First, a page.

written by Chris Griesemer
Is your company vulnerable to attacks? Do you know what security questions to ask your vendors? How do you keep your computers up to date? Over the next few months, we will answers these questions and more with a series of articles on how to keep your company and yourself safe and secure.
This month we will review a case study on the Target breach and also discuss vendor management. In January we will examine The Onion breach and importance of using unique passwords. Click here to read the November article about How to Outsmart Hackers.
Although other big companies have been hacked recently, the Target data breach really hit a nerve in the security community. We wondered how this could happen to a company that pours millions of dollars into their security. Let’s take a closer look at what we know and what we can learn from this breach.
In May 2013, Target purchased a product called FireEye for 1.6 million dollars. FireEye analyzes a network and is always on the lookout for behaviors associated with hacking. When it discovers questionable activity it notifies a monitoring group that in turn contacts the company (in this case Target) and informs them of the potential threat.
On November 27th, hackers started collecting credit card data in 1,797 US Target stores. On Nov 30th, FireEye detected the malware activity and notified Target. Target security personnel looked at the potential threat and decided to do nothing about it. A couple of days later, Symantec Endpoint Protection identified suspicious behavior and sent alerts to Target. Again, Target security personnel did nothing. On December 12th, Federal Law enforcement notified Target they were seeing suspicious activity. Target hired an independent team to run an investigation.
On December 15th, Target confirmed they had been hacked and removed the malware. On December 19th, Target issued a public statement. According to Businessweek.com, this data breach is estimated to cost Target 1 Billion dollars. In May 2014, CEO Gregg Steinhafel stepped down.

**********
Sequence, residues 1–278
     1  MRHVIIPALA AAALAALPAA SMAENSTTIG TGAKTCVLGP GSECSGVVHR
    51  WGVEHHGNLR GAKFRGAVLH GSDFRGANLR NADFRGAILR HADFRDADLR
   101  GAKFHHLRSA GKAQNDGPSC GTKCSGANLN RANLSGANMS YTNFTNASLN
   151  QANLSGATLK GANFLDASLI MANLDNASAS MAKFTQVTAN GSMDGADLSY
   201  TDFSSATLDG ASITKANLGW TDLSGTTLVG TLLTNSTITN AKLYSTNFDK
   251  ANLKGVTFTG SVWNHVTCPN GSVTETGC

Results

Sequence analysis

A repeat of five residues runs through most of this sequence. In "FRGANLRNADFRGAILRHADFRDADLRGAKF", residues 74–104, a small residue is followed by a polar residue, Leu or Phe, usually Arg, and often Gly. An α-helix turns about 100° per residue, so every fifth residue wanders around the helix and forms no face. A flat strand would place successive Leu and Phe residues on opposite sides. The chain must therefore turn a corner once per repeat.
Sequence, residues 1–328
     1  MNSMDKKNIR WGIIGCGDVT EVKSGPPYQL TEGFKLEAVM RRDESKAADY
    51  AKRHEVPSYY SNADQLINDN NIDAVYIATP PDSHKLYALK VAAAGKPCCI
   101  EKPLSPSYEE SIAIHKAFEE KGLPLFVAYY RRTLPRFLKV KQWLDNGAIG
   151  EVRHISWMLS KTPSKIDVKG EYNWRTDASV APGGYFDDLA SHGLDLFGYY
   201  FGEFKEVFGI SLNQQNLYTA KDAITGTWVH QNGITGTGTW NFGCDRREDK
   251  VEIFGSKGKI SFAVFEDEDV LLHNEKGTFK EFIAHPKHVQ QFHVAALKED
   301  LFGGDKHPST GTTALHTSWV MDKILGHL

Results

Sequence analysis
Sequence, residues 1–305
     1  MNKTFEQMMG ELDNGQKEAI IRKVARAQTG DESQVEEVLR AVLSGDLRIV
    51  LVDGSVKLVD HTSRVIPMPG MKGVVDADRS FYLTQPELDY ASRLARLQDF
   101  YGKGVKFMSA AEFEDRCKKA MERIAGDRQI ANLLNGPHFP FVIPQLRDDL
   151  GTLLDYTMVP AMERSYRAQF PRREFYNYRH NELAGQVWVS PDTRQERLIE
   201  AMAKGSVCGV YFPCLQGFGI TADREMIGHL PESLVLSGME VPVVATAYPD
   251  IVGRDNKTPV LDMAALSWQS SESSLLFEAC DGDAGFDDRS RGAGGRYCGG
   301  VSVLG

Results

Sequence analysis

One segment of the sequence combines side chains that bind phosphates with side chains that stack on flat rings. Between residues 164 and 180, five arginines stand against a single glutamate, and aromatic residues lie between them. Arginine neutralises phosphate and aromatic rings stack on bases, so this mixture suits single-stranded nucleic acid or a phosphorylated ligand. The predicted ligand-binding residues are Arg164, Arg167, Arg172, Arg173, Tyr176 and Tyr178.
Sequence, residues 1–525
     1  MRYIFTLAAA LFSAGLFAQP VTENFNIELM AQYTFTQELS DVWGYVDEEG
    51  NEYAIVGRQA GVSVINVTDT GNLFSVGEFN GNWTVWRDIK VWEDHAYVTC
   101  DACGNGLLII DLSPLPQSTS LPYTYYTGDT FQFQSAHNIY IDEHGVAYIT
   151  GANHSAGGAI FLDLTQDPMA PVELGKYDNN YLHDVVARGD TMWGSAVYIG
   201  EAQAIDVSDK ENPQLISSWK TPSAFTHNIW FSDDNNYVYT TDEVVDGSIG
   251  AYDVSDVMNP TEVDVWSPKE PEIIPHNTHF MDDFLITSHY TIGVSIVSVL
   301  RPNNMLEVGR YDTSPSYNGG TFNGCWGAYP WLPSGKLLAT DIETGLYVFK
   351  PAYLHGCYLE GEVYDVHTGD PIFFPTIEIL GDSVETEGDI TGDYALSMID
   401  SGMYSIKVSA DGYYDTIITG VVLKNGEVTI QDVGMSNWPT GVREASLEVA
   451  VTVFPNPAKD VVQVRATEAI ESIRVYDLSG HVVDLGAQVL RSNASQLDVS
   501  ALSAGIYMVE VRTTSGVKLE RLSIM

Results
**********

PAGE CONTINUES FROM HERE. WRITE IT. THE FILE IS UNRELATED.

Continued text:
How did it happen?
Big retail companies with thousands of stores will have a third party vendor routinely monitor energy consumption and temperature in stores to find the most efficient settings in order to save the company money. By adjusting the temperature one or two degrees in 1,700 stores, there is a potential to save thousands to millions of dollars. It is believed this HVAC vendor was given remote access with administration credentials to the network. There is a possibility these credentials were stolen.
What can we learn?
Make sure you know who your third party vendors are and consider the following items as other best practices with your vendors:
- There should be contracts that explain the roles of the vendor and the roles of the business.
- If a vendor does need to have remote access, make sure there are proper controls in place. They should never have more access than they need.
- There should also be restrictions on when the vendor can remote into the system. A good policy is to have the vendor call and ask for permission to log in remotely. This way the business can control when the vendor can log in and for how long.
- Do not allow vendors to have domain Admin usernames and passwords.
- If you need to give a vendor administrative rights, create a new username and password for that vendor. Never use the existing Domain Administrators username and password. By creating a new username and password, the company administrator can disable the account when it is not being used.
- At least quarterly review all usernames on the network and make sure new names have not been created.
Most companies do not have an HVAC vendor to monitor their energy consumption. However, most companies do have relationships with third party vendors needing access to their building and possibly the computer system from time to time. From physical access into the building to logical access on the network, it is important to make sure controls are in place to protect the company and vendors do not have free reign over your network. A review of those controls to make sure they are working is also recommended. If you have any questions about controls or security in general, please don’t hesitate to email or call Chris Griesemer at email@example.com or 417.881.0145.